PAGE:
Hanoi is the capital of Vietnam and its second largest city (behind Ho Chi Minh City). We spent a total of 3 nights in Hanoi either side of our epic trip to Ha Long Bay.
Whilst the city has grown significantly in the last 20 years with new skyscrapers and urban sprawl, the downtown, historical centre of Hanoi remains is cultural charm which attracts millions of tourists each year.
Hanoi is also crazily full of mopeds and bicycles who swarm down the roads in the city. The road network follows no logical order and even I, the self confessed Geographer and master or maps got lost on a number of occasions.
Note; The practice of crossing the roads is one of ‘just go and the mopeds will swerve around you’. Daunting but it actually worked.
Things to See and Do in Hanoi
Eat and Drink Vietnamese – The first thing we wanted to do in Hanoi was eat Vietnamese food. The best place to experience traditional food was on one of the many roadside bars/restaurants that filled the roads of the historic quarter in the evening as the traffic dies down. (Vietnamese people get up really early and go to sleep early too).
Food and drink is ridiculously cheap. I bought a round a 13 beers for the equivalent of £1.35. This was a large difference to the £60 round I paid for 6 sol in Singapore. The food was also delicious and I kept on re-ordering more and more.
I also LOVE Vietnamese Coffee (which probably got me into coffee of all makes and models). Vietnamese coffee is served in a French Drip Filter over sweetened condensed milk (and ice) to create a most wonderful and refreshing beverage. It is a staple to escape from the mid-afternoon heat wherever we were in Vietnam.
Most bars close at 10.30pm and police enforce a curfew (bar those which are rumored to pay off the police to stay open throughout the night.) to maintain this closing time. So if you are wanting a late night in Hanoi, be prepared that your selections will be restricted.
Whats funny about the roadside restaurants is they will stay open past this curfew if they have customers. So every now and again a whistle would sound and we would be ushered inside as a patrolling police car came past. Once the coast was clear we would be invited to re-take our seats on the road. Crazy, but part of Vietnamese Life!.
Eating Snake – Eating the still-beating heart of a snake is considered an stimulant and an aphrodisiac. This is something that always gets mentioned by travel blogs / articles on Hanoi as a must do.
The best place to do this is Le Mat snake village which is about 20 minutes outside of the centre.
We sat down and were greeted with 2 aperitifs. One made from snake blood and the other from snake bile. After this we each individually shot the heart as it was prepared infront of us.
Finally, the main course was prepared from every part of the snake (absolutely nothing is wasted). From snake soup, snake spring rolls and dumplings to edible ground bones. It isn’t one for the picky or squeamish eaters. By Vietnamese standards the meal was expensive (about £25) but an experience not to forget.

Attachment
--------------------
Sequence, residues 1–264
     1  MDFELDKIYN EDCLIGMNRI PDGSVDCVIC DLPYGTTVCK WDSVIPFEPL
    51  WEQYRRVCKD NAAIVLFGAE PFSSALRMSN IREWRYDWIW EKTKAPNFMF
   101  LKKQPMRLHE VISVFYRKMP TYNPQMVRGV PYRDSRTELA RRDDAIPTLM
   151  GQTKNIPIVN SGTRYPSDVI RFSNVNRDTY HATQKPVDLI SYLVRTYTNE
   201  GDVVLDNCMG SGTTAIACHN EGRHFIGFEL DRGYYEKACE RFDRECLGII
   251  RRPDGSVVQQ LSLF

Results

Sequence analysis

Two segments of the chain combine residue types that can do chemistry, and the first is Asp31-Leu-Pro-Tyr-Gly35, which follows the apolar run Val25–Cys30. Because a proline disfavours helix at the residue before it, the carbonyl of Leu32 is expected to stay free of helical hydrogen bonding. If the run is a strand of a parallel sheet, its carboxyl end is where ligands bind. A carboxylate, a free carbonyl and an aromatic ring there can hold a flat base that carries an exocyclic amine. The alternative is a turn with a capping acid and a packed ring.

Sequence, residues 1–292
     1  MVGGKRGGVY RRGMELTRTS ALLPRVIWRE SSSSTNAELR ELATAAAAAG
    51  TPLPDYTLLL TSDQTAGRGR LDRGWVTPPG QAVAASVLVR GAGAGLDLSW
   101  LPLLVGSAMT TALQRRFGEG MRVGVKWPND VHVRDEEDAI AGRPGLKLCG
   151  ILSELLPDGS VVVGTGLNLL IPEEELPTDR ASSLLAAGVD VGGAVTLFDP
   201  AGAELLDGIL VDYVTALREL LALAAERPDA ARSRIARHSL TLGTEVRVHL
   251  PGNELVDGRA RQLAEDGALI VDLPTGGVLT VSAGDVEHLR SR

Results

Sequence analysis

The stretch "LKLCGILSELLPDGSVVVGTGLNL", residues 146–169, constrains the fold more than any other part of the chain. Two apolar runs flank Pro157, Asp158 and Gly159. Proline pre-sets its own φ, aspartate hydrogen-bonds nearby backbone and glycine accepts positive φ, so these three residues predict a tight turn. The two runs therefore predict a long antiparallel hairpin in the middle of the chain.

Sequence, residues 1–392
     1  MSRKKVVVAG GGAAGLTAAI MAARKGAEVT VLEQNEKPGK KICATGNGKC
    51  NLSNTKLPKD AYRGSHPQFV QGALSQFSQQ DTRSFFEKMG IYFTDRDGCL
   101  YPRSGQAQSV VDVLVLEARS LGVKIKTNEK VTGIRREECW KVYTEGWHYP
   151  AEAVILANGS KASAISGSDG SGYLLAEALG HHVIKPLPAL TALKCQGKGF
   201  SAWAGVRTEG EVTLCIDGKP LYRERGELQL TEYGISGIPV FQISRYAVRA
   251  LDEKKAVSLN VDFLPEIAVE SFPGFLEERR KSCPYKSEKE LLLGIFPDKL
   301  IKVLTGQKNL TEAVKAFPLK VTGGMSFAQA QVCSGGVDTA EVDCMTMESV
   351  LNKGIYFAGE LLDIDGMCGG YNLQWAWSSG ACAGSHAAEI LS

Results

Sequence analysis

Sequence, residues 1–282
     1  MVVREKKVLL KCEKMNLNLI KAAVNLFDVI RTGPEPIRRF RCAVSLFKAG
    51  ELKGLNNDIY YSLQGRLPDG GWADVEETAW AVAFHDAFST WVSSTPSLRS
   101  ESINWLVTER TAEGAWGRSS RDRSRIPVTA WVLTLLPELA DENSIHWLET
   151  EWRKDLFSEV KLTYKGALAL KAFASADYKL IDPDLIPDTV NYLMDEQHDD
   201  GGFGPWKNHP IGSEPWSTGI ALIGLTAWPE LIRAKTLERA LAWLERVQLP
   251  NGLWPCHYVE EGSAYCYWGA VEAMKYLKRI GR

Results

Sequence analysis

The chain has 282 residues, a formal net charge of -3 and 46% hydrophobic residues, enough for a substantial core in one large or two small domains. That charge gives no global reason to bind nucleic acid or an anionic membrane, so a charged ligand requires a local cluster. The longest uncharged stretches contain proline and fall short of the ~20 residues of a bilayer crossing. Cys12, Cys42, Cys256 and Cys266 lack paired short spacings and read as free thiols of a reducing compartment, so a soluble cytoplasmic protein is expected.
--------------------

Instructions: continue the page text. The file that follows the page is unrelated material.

Hoan Kiem Lake – The lake (whose name translates into ‘Lake of the Returned Sword’) is situated in the middle of the historic centre of Hanoi. According to the legend, an emperor was boating on the lake when a Golden Turtle God surfaced and asked for his magic sword which had been used to fight of the Ming Dynasty in China and drive them from Vietnam.
Today it represents an oasis where locals can practice traditional t’ai chi or simply get away from the hustle and bustle of downtown Hanoi.
On the northern side of the lake is Jade Island and the temple of the Jade Mountain. The island in the centre is accessible by a single bridge (Huc Bridge).
Water Puppet Show – The ‘Unique’ Thank Long Water Puppet show is well known and appears in every local guide. So, to escape the baking afternoon sun we thought we would try it. The show lasts about an hour with several acts depicting famous Vietnamese folk tales.Personally it was not for me, and I found myself bored after the first 4 or 5 acts (not having a clue what was going on).
We stayed at the Hanoi Backpackers Hostel (Downtown), mainly because I wanted to do the Castaway Tour in Ha Long Bay. It is very commercialized and stepping inside you could be in any city in the world but it was in a prime location and came at a reasonable price.
Whilst it didn’t represent traditional Vietnam, it was a great place to meet new people and the nightly bar crawl around Hanoi was excellent.
It was during one of these bar crawls that my friend Louie (a very respectful and intelligent teacher living in Singapore) tripped up a step and headbutted a wall knocking his tooth out (It was kept safe by my other friend who stored it in his show!!). The dentist charged him £7 to glue it back in!! £7, the return taxi fare cost more than the work done. Having said that it did fall out again when he was back in Singapore but it was one of the funniest moments of the whole trip.
I loved Hanoi, the hustle and bustle and constant activity to keep you on your toes. 3 days wasn’t enough to truly experience it.